Florida Bar Plans To Open Door To Thousands Of Out-Of-State Lawyers
A proposal by the Florida Bar to let attorneys from other states practice in Florida without taking the Bar Exam has an already crowded and cut throat community furious.
The Florida Bar began considering expanding its policy of “reciprocity” to cover nearly 12 states came last week when new Florida Bar President, Ramón Abadin stated at his June 26 swearing-in ceremony that Florida lawyers, “can’t operate today under rules from a different era” and suggested changing, among other things, rules that now restrict reciprocity.”
In the Bar survey published last year, 49 percent of Florida lawyers who responded said the state already had too many lawyers. Since 2000, the number of licensed Florida attorneys has ballooned from 60,900 to 101,093, of whom 88,000 are currently eligible to practice. In the same period, five new law schools have opened, cranking out even more lawyers.
In a survey published last year, 49% of the 1,148 Florida Bar members who responded, cited “too many lawyers” as the foremost problem facing facing attorneys in Florida today. The Florida Bar has seen its membership rise from 61,000 members to 101,000 members since 2000. The Florida Bar’s proposal changing “reciprocity” rules would nearly double that figure.
Since 2000, five new law schools have opened in Florida with hundreds of law school students joining the ranks each year. The Tampa Tribune states that, “Among students who graduated in 2013, more than 20 percent from some schools remained unemployed nine months after graduation.”
Florida Bar Leadership noted that technology and globalization are having a dramatic impact on legal field, including the law. Abadin claims the Florida Bar has spent the past two years studying ways to adapt and reciprocity is one solution that benefits Florida lawyers who have clients with legal issues in other states.
He also added that this is not a blanket admission policy and that lawyers from other places who wanted to practice in Florida would not have to take the full state Bar exam, they still could be required to demonstrate knowledge of Florida law.
Lawyers not licensed in Florida can appear in court in a Pro Hoc Vice capacity with a judge’s approval for up to three cases in a 365-day period.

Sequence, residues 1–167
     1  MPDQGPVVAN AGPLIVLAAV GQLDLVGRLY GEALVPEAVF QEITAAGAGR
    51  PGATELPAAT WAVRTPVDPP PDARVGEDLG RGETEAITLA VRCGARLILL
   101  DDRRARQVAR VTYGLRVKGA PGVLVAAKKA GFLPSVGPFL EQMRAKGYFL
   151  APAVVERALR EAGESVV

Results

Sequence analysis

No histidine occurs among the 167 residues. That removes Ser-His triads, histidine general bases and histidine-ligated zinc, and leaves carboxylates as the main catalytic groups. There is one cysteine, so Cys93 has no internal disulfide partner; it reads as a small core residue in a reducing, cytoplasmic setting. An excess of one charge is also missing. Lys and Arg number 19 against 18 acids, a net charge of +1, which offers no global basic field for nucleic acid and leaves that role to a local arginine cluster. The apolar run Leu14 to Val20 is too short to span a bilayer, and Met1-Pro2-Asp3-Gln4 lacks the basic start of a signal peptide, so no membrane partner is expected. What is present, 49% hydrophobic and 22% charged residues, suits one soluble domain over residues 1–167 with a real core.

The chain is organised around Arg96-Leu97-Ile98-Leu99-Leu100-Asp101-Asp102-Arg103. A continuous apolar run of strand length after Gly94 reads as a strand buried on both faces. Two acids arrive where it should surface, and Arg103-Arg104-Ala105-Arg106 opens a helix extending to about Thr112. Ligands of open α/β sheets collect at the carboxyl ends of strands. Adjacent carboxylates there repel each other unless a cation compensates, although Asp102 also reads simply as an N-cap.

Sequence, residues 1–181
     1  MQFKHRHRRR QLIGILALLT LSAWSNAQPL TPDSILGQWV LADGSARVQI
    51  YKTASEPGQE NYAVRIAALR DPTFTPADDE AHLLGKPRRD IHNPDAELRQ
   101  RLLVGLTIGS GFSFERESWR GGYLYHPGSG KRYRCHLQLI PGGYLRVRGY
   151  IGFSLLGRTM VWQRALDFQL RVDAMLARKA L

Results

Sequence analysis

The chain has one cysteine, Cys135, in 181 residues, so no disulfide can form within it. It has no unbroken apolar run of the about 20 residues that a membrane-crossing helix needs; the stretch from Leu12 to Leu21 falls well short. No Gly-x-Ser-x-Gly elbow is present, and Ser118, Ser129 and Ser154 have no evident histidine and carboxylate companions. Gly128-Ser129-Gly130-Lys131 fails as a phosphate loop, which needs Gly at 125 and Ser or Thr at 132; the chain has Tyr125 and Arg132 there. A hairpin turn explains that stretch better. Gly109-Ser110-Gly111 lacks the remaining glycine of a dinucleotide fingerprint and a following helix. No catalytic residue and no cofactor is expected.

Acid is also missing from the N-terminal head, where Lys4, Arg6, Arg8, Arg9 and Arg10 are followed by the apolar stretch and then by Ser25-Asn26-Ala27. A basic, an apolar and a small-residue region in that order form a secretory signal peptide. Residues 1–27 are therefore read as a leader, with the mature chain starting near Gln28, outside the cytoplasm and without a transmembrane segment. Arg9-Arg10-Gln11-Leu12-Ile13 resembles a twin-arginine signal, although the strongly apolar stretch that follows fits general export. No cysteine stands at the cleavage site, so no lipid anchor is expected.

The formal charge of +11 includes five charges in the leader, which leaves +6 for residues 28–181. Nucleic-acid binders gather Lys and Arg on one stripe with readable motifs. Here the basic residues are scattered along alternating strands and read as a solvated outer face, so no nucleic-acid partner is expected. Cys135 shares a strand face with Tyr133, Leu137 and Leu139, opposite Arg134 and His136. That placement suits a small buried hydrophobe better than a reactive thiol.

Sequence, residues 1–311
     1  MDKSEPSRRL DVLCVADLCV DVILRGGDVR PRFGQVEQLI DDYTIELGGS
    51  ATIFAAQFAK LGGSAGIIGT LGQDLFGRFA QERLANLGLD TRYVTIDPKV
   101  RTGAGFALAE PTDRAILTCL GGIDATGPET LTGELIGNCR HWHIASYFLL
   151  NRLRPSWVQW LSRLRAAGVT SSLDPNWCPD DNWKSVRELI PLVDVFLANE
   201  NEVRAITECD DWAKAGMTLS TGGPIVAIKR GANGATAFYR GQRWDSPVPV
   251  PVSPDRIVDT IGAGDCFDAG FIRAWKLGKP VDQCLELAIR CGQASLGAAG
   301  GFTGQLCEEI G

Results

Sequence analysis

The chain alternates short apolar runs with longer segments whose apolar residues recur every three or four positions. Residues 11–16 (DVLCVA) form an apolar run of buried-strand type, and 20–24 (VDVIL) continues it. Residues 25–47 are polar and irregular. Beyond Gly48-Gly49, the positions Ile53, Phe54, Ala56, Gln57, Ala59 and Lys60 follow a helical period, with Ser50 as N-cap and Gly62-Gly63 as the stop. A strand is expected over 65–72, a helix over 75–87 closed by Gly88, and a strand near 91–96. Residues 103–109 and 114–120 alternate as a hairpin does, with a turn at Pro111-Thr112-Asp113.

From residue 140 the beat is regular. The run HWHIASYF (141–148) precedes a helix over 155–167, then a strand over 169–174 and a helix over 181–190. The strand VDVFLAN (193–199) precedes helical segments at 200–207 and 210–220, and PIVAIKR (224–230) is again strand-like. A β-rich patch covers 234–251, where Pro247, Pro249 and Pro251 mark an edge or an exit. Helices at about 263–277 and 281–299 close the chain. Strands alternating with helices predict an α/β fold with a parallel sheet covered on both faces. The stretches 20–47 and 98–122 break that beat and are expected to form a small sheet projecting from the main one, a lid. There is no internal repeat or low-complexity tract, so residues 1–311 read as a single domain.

On the surface, this proposal looks like a big plus for consumers since more competition would reduce the cost of legal representation for the average person. However, it also opens the flood gates for unqualified lawyers from other states to set up shop in Florida.
The financial crisis is a perfect example of what happens when you have a horde of unqualified attorneys representing clients in a segment of the law they don’t understand.
When I started MFI-Miami at the beginning of the crisis, there were only about 12 lawyers doing anything in regards to foreclosure defense that understood lending mortgage regulations. Within 24 months, Florida had over 800 lawyers with absolutely no lending experience or litigation experience promoting foreclosure defense as part of their practice.
From 2009-2014, nearly two-thirds of the homeowners in Florida who fought their foreclosures with the help an lawyer lost their homes anyway. Most of these homeowners had legitimate defenses and could have stayed in the home either by getting the lender’s foreclosure complaint tossed or my negotiating a permanent modification. Unfortunately they hired a lawyer who had no clue what they were doing.
Soon the legal field became the wild, wild west with lawyers fighting other lawyers for clients and lawyers acting like Jerry Lundergaard from the movie, Fargo.
Under the proposed rule change, expect the same thing to happen only on a greater scale.